Conversion of Pineapple Peel Residue into Xylooligosaccharides: The Technology Developed by Prof. Wen-Chien Lee from the Department of Chemical Engineering at National Chung Cheng University Increases the Productivity Rate of Xylooligosaccharides
Pineapples are used in the production of pineapple cakes and bromelain. Moreover, pineapple peel residue can be converted into xylooligosaccharides (XOS) that are gastric mucus-friendly and can improve digestion. esiding in the Minxiong Township of Chiayi County, where pineapples are widely cultivated, Prof. Wen-Chien Lee from the Department of Chemical Engineering at National Chung Cheng University (CCU) noticed that large amounts of pineapple peel waste are left after the pineapples are processed. He therefore utilized biotechnology-derived enzymes to decompose pineapple peel residue and to produce XOS, achieving a productivity rate of up to 22%, which is equivalent to producing 220 XOS from one kilogram of pineapple peel residue. A patent application for this technology has been submitted and is currently under review. This new way to utilize pineapple waste can reduce the environmental pollution issues.
“We hope that the whole pineapple, even its waste, can be utilized!” Taiwan abounds with pineapples. The production of pineapple products generates large amounts of pineapple peel waste. According to Prof. Lee, who is among the few Taiwanese scholars to specialize in technologies for producing functional oligosaccharides, local businesses use very little pineapple peel waste as feed; however, such waste consists of 35% hemicellulose, which is a valuable material for XOS production and it would be a pity if it were left unused.
The conversion of pineapple peel into XOS requires only 2-3 days. As stated by Prof. Lee, the CCU team’s patented enzyme was created through the recombination of genes in a strain of alkali-resistant Bacillus. “Pineapple peel was first juiced, dried, pulverized and heat-treated, and subsequently the research team added the enzyme that we developed to initiate a reaction that enabled the conversion of pineapple peel hemicellulose into XOS,” said Prof. Lee. He also commented that, in contrast to the traditional alkalization method applied in local businesses which cannot even achieve a productivity rate of 10%, the productivity rate of XOS from pineapple peel residue reaches up to 22% when the CCU team’s approach is applied. Moreover, the process also generates arabinose that can inhibit the absorption of sucrose and can serve as a multifunctional prebiotic.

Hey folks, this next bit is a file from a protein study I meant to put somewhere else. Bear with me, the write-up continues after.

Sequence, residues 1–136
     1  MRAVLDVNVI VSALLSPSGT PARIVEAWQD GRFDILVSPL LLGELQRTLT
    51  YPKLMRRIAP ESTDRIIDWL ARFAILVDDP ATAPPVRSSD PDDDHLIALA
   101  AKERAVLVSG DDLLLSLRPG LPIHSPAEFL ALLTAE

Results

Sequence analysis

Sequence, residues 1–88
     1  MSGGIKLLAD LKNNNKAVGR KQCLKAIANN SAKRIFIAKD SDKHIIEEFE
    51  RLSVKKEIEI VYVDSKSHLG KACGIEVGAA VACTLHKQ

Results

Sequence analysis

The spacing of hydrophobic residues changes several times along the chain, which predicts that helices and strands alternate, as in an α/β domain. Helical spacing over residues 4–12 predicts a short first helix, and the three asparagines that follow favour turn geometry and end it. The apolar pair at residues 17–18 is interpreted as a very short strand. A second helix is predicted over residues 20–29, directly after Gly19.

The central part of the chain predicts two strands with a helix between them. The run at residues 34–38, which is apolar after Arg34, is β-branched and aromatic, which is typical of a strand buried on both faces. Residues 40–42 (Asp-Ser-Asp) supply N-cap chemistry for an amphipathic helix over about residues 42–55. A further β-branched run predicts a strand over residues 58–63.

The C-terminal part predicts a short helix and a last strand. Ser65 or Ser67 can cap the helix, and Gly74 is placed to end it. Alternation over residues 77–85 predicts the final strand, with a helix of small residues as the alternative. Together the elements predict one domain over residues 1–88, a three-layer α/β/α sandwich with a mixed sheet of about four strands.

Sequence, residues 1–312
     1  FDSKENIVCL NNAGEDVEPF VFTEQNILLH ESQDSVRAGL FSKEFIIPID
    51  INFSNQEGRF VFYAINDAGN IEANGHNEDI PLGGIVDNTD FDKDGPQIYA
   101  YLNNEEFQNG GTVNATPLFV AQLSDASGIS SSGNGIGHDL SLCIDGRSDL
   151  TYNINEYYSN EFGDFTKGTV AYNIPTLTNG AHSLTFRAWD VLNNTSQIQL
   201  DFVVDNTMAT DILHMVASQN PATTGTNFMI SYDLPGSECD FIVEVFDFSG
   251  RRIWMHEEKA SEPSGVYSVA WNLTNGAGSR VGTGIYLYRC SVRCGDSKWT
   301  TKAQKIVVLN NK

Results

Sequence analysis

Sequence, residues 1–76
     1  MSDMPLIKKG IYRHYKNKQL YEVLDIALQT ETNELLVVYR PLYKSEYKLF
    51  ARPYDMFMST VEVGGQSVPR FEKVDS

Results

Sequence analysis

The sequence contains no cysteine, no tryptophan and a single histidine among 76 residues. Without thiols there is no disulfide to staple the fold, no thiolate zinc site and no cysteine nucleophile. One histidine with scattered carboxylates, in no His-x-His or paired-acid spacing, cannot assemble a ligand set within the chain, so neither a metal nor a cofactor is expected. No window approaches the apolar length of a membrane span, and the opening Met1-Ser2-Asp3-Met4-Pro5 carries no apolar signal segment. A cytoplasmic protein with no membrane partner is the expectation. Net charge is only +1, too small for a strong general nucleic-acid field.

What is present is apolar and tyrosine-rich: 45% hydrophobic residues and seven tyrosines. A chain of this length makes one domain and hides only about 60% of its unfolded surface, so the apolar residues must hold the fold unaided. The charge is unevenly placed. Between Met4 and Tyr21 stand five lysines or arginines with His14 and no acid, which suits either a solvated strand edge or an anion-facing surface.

“People know about probiotics but do not know that their effects are enhanced when combined with XOSs because XOSs are a raw material used in probiotics.” According to Prof. Lee, who specializes in biotechnologies, XOSs are important prebiotics that can stimulate or activate the growth of gastrointestinal probiotics. In addition to improving gastrointestinal function, XOS can also increase calcium absorption and reduce the risk of colorectal cancer, while having only 40% of the sweetness of granulated sugar. Furthermore, the high pH and heat stability of XOSs allows for their use in low-calorie and diabetes-friendly food, as well as juices and carbonated beverages. Prof. Lee hopes that this biotechnology will facilitate the recycling and re-use of pineapple peel waste, lead to the production of XOSs with high added value, and reduce environmental pollution.
The enzyme developed by the CCU research team has been patented in Taiwan and Japan. The patent application for the technology used to produce XOS from pineapple peel residue has been submitted and is currently under review in Taiwan. It is hoped that this will pave the way for future partnerships with manufacturers. Prof. Lee stated that the developed technology can be also applied to other products that contain high amounts of hemicellulose, such as corn cobs, rice straws, and bagasse.
Prof. Lee has been in the field of biotechnology and chemical engineering research for many years. He is among the few experts in functional oligosaccharides production technologies in Taiwan. According to CCU, his primary areas of research interest include enzyme strains and chemical preparation design. In addition to his research on XOS, Professor Lee also developed a patented technology for producing high-purity isomalto-oligosaccharides. His enzyme-based galacto-oligosaccharides production technology helped manufacturers to establish factories abroad. Prof, Lee also collaborated with international researchers to study inulin and fructooligosaccharides.